Badger, Rat and Mole are trying to save Toad Hall and its owner, their rich irresponsible airhead playboy friend Toad, from himself, as well as financial ruin, the court and a gang of conspiratorial weasels who have their eye on the place.
Arthur Rankin Jr.
Charles Nelson Reilly,
Animated version of Jules Verne's classic. Teacher and sailor, hired by US Government to destroy a submarine monster, are captured by Captain Nemo and taken to a fantastic adventure underseas on Nautilus submarine.
Bilbo Baggins the Hobbit was just minding his own business, when his occasional visitor Gandalf the Wizard drops in one evening . One by one, a whole group of dwarves drop in, and before he knows it, Bilbo has joined their quest to reclaim their kingdom, taken from them by an evil dragon named Smaug. The only problem is that Gandalf has told the dwarves that Bilbo is an expert burglar, but he isn't.... Written by
Murray Chapman <email@example.com>
In the book, Bilbo is knocked unconscious by a falling rock during the Battle of Five Armies immediately after seeing the eagles arrive to help. In the movie, perhaps due to an anti-war bias at the time of filming, Bilbo states that he "simply doesn't understand war" and then hides behind a stone, using the ring to become invisible and watching the entire battle. When asked about his whereabouts Bilbo lies and says that he had "a bump to the head" and was "out for hours". See more »
When Elrond reveals the moon runes on the dwarves' map, he reads the phrased as quoted directly from the book "Stand by the grey stone...", however the phrase shown is "Five feet high the door and three may walk abreast." This is a phrase which was not written in the moon runes. See more »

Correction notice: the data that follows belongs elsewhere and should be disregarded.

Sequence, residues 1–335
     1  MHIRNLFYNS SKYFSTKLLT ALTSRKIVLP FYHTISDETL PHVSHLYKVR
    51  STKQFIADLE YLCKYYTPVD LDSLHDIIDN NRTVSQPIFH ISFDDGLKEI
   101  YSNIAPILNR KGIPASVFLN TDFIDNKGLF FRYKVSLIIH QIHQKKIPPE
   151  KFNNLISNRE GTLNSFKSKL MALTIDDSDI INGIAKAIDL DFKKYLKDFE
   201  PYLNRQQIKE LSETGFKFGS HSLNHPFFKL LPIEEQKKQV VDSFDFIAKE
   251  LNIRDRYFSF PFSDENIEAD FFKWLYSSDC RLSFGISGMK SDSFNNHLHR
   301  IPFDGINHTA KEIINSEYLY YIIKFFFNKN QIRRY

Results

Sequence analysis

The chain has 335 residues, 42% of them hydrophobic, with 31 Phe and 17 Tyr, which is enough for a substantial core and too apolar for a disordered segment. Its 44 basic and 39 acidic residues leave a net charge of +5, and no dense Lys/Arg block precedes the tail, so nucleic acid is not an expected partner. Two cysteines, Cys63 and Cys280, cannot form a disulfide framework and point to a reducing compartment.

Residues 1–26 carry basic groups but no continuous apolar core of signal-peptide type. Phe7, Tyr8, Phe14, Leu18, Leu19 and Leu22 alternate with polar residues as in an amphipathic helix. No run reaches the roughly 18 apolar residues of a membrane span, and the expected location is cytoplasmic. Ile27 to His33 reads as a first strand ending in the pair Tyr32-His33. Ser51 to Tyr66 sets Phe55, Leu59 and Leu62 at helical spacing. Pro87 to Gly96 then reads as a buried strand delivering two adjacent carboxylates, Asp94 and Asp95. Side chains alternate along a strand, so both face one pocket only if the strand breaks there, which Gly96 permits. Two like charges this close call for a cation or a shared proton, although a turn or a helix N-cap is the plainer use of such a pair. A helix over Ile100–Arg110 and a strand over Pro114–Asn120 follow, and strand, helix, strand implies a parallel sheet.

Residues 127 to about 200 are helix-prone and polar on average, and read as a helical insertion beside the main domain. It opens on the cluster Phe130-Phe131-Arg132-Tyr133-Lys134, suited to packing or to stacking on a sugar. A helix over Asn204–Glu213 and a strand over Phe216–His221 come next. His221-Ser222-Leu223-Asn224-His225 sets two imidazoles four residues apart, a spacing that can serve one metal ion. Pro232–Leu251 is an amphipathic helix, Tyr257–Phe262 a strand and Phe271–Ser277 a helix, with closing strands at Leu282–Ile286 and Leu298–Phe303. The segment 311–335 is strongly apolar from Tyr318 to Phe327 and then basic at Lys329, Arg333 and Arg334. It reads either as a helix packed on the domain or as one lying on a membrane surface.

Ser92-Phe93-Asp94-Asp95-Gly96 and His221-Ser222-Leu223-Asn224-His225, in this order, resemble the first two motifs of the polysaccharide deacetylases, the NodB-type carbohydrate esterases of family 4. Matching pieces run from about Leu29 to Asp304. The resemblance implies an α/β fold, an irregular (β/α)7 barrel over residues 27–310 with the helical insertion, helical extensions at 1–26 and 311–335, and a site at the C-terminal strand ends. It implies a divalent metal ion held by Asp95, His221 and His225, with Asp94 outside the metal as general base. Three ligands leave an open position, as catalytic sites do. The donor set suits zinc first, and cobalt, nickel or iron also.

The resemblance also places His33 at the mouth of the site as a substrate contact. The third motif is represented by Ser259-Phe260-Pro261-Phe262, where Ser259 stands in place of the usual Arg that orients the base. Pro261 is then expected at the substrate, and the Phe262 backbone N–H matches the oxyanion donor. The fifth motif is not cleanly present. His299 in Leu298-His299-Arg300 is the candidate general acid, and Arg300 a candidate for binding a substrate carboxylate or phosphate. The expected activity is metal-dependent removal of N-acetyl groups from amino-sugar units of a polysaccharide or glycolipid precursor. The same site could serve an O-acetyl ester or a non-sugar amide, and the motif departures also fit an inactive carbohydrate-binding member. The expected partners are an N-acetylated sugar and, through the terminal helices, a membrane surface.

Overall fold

[Bilbo has entered the Lonely Mountain, which once housed a kingdom of dwarves, but which is now Smaug's lair - Smaug is sleeping on a hill of gems and other riches, but wakes up when Bilbo reaches the heart of the mountain]
Well, thief? I smell you, I feel your air - and I hear your breath. Come along! Help yourself; there's plenty, AND to spare.
[who is invisible]
Oh... thank you, Smaug the Magnificent! I did not come for wealth. I wish only to have a look at you, and see if you are truly as ...
[...] See more »
I must say that I actually remember this movie with fondness. I've read comments that slam the film for either technical faults or the fact that it has left out a number of things.
All these things are true, of course.
Though I thought the artwork itself was quite good, the animation could use some work. Certainly things were left out.
Come on people! Certainly the film is no ten, but it is a decent version, given the fact that to fit the book into a film at all some liberties will be taken. Especially when it seems apparent that the film is aimed at children.
If you can't unwind a bit and just sit back and watch the film without always pointing out every little omission or alteration, then this film will disappoint. But if you can, then give this film a chance.
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